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Amazon Sees Palm Readers in Your Retail Shopping Future

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Move over Bill Gates, it’s time for Jeff Bezos to get a little more time in the spotlight of conspiracy theorists. On Tuesday, Amazon announced the rollout of its new Amazon One devices that use a customer’s palm for identification and payment at physical retail stores. The devices are already available for use in Seattle locations for Amazon Go stores, and the company wants to expand it to any retailer willing to partner with the enemy.

According to an announcement by Dilip Kumar, vice president of Amazon’s physical retail business, the Amazon One device creates even less payment friction in the company’s cashier-less retail stores. Instead of being identified by an account on their mobile phones, customers can simply walk into the store, scan their palm, shop for products, and the purchases will be automatically charged to a credit card.


Is this a precursor to the fabled mark of the beast that was prophesied in the Book of Revelations? It’s too early to say, but Bezos isn’t really likable enough to be the antichrist.


As for privacy concerns, Amazon said that users’ biometric information will never be stored on the device and an encrypted image is transmitted to the AWS cloud where it’s stored. It’s also possible to delete all biometric info from Amazon’s servers through an online portal or on an Amazon One device.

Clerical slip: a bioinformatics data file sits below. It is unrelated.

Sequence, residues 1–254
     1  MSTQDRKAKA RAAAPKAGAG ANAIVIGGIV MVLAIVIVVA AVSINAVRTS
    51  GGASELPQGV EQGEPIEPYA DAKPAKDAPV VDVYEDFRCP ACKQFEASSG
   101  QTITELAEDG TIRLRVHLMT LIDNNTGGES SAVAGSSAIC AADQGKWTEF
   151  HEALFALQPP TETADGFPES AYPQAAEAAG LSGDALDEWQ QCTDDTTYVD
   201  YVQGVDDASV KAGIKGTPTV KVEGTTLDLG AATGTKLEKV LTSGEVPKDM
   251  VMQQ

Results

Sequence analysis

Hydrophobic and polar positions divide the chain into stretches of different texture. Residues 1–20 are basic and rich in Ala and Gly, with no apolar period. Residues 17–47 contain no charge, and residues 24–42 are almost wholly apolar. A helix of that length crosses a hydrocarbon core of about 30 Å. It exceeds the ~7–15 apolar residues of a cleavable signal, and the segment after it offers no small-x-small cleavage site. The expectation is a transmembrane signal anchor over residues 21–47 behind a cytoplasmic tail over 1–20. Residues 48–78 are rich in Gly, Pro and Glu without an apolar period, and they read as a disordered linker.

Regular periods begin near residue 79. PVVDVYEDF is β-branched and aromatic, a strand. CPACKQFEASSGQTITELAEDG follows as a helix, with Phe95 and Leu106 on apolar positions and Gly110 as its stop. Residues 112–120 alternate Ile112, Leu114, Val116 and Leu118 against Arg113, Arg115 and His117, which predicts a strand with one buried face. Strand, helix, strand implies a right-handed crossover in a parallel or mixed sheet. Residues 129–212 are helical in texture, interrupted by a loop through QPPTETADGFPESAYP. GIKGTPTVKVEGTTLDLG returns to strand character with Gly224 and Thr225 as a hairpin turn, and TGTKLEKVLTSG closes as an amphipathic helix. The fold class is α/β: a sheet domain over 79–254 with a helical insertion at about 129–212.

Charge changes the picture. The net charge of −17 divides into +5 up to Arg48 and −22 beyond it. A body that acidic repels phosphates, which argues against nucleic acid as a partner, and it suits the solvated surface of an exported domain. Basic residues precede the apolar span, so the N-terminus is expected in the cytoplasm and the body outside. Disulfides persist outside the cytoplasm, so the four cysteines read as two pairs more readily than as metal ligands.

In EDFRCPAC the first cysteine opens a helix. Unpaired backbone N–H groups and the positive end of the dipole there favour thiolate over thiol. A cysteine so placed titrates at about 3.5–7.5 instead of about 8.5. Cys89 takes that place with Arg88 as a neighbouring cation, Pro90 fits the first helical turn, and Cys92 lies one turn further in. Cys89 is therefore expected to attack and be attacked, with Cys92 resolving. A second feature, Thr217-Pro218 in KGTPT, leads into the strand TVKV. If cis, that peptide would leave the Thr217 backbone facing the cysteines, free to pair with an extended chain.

Kumar said that signing up takes less than a minute and users’ don’t have to have an Amazon account. A credit card, phone number, and a palm print are the only requirements.

Amazon claims it won’t store purchase information, but it will collect basic information on the locations that individual customers visit. Of course, that arrangement could change, and Amazon’s blanket privacy policy leaves plenty of wiggle room for it to attach more data collection to service in the future. A spokesperson for the company told Recode it has “no plans to use transaction information from third party locations for Amazon advertising or other purposes.”

Amazon is emphatic that this is tech it wants to spread to third-party partners and payments aren’t the only function it has in mind. Entering a location like a stadium, badging into work, and loyalty cards are other use cases it cites for the immediate future.


When Recode asked Kumar about the potential of brick-and-mortar retailers balking at the notion of partnering with a company that’s trying to put them out of business, the exec pointed to the fact that plenty of Amazon’s competitors use its Amazon Web Services cloud computing offerings. Amazon managed to force its way into cloud computing so early and expand it so rapidly that few can compete with its tech and pricing. It apparently sees that kind of potential in frictionless point-of-sale systems.

The test will come down to how much convenience and cost-cutting this can really provide for retailers. There’s not a huge upside for customers to scan their palm over using a mobile app or credit card.